Hey mytwocents.That is why I tell many people to rent. But sometimes they don't buy for monetary reasons. They buy for the warm and fuzzy and so that when their friends walk into their place they can say "Yes, I own it."I then ask them if it is worth the extra $5,000 a year to have the privilege, and they say yes.Frank- Broker FranklyRealty.com
"Neil ... does not know Ballston from Clarendon to save his life, ..."Interesting. I've found dramatic price differentials between neighborhoods 100 feet apart. No one here confuses E REED, with Warwick, with Hume, with Del Ray, with Beverly Hills, with MANSION DR. These are all in 22305. An E REED SFH is overpriced at $300K. A MANSION SFH is underpriced at $3,000 K. I have never seen a MANSION DR home for sale. Then we have people in California writing about Northern Virginia Valuations.
Doug,So pick the high end apartment, the number comes down.Lower the down payment, the number goes up.Highlight a better floor plan, the number comes down.Add in closing cost help, the number goes up.I told you it was rough math. The point is, it has been extraordinarily more expensive to own a condo than rent an apartment over the past few years. This large delta ($40K+) is a number that even the slow, subject to mania, folks will eventually figure out and it will continue to pressure prices down.That is, of course, my opinion.My $0.02PS - I am not Neil and I am pretty familiar with 22201.
Leroy said:"Your theory of, "buy at any price and wait for endless appreciation to make you rich..." on the other hand isn't looking too well thought out at this point.(Not that it ever did.)"Another strawman? I never said anything even approaching this ...
Gruntled said:"So, in fact, the rising tide has been lifting the yachts; the rowboats have been taking on water."I know all this ... And what I am saying is that NEIL is a an advocate of this widening gap between rich and poor. 'Buying a home', because of affordable financing, has been one of the few areas where the relatively less rich could be on equal footing with the relatively more rich. Neil wants to see all this affordable financing disapear so that he, the relatively rich one (at least in his own mind), can have what he wants for cheaper. He's told us a thousand times how he could already easily afford to buy if he wanted to ... he just wants to pay less ... at the expense of hardworking people who under his scenario will be shut out from owning their own homes. He's elitist ... and a vulture.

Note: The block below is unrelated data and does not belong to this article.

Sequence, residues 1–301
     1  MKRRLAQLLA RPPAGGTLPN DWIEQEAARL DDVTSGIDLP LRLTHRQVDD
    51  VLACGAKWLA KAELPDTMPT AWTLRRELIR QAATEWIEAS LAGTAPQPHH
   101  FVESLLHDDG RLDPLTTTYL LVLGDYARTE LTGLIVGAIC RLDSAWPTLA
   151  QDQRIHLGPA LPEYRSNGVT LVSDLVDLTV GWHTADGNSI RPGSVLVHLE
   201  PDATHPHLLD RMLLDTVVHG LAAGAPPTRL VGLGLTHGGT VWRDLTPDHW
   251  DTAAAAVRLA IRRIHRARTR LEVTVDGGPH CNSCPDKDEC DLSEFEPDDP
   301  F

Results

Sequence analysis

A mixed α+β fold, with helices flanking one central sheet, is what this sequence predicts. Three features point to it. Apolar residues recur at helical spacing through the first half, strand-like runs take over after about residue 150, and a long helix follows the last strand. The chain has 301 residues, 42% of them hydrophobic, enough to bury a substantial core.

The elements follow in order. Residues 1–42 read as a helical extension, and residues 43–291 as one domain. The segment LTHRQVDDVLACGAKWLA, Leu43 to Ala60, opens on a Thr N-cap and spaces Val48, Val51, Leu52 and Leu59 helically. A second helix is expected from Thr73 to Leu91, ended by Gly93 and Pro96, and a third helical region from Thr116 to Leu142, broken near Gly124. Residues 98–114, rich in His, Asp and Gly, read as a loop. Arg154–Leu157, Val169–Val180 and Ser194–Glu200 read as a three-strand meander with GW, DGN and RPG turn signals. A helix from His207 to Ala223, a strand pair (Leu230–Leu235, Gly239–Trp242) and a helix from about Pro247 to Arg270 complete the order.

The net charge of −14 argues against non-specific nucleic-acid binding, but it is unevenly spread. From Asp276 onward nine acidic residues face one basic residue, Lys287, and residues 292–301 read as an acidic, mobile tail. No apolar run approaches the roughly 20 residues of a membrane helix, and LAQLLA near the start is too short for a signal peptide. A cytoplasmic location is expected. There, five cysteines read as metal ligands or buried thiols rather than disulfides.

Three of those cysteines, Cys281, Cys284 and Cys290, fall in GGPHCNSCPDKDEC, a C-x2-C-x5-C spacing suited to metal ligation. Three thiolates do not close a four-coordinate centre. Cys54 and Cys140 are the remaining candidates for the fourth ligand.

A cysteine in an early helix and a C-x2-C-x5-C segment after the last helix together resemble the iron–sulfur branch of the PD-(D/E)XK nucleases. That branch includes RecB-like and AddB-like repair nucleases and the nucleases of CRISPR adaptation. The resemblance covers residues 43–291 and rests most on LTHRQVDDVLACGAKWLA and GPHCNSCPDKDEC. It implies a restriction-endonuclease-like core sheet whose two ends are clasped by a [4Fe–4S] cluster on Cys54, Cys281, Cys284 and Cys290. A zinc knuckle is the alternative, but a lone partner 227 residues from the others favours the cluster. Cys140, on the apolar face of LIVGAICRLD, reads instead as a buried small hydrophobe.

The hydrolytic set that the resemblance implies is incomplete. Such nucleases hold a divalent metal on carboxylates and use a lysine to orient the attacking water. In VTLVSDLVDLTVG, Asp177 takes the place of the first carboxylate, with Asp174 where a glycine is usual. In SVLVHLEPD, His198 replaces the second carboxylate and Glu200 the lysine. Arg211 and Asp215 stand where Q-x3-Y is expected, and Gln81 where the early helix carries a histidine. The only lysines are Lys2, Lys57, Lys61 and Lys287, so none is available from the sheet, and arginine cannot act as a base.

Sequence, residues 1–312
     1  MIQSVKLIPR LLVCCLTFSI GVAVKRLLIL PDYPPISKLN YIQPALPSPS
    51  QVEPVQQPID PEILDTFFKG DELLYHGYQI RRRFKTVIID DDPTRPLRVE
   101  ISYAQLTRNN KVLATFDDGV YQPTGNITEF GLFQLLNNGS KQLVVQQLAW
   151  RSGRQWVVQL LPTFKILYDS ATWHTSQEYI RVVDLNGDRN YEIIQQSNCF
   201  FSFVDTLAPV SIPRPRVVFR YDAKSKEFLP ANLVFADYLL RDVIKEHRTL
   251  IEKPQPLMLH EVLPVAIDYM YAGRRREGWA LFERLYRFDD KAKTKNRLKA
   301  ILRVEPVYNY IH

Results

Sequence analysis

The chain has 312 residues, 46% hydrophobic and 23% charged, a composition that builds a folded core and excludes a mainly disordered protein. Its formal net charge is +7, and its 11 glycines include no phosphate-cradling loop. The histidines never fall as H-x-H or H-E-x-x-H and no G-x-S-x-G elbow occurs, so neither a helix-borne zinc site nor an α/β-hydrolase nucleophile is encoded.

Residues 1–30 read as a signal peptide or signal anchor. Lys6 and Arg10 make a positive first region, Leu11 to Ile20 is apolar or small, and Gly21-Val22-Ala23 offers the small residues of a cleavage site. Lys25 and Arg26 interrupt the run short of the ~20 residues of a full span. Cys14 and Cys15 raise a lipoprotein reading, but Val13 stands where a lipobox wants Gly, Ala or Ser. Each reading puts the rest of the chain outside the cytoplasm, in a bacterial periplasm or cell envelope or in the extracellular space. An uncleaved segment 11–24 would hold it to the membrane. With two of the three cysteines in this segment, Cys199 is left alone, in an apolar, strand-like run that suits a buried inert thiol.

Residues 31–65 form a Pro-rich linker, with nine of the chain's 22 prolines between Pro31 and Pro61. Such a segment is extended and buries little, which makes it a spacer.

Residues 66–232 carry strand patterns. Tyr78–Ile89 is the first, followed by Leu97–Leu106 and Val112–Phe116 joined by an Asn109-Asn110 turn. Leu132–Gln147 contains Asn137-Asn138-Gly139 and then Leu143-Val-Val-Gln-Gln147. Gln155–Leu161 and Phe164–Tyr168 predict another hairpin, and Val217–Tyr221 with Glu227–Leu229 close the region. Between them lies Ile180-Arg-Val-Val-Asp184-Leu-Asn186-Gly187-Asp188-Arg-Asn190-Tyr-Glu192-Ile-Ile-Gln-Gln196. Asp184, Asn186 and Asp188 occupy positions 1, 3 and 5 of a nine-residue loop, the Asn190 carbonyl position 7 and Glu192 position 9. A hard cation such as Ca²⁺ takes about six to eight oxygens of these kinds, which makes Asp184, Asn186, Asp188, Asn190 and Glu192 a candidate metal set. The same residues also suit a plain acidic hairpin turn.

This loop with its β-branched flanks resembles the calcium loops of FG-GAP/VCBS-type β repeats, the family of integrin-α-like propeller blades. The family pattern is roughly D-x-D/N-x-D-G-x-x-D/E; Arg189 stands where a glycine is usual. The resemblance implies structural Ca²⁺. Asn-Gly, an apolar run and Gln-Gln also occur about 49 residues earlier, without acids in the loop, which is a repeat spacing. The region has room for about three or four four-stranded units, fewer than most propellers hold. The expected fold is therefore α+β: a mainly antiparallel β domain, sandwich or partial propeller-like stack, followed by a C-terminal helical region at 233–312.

Lets look at another example real quick:3216 7TH ST S ARLINGTON, VA VA 22204 List Price: $549,000 Prior Sale: $615,000 6/24/2005 Listing Date: 04/14/08 -10.7% In early 03 places like this were going for like $380K. My boyfriend and I passed because we "knew" we were in a bubble and the place was really worth $360K. The smart money told me to wait until prices come down, so we rented, and waited, and waited, and waited.3 years into the "bursting", prices are down but still 45% higher than the $380K everyone told me was just too high. 5 years later, I would kill to buy a place at $380K Anyone want to tell me when places like this in Arlington are going to get back down to the $380K mark again, much less the $360K "true" value?Im not saying buy now or buy at any price, but lets keep a sense of perspective here. If after 3 years this is all the vaunted bursting in Arlington would give me, it looks increasingly likely I will never get back to my pre-bubble price.
The Anon,What was the comparison to own versus rent in 2003 for those comparable properties?My $0.02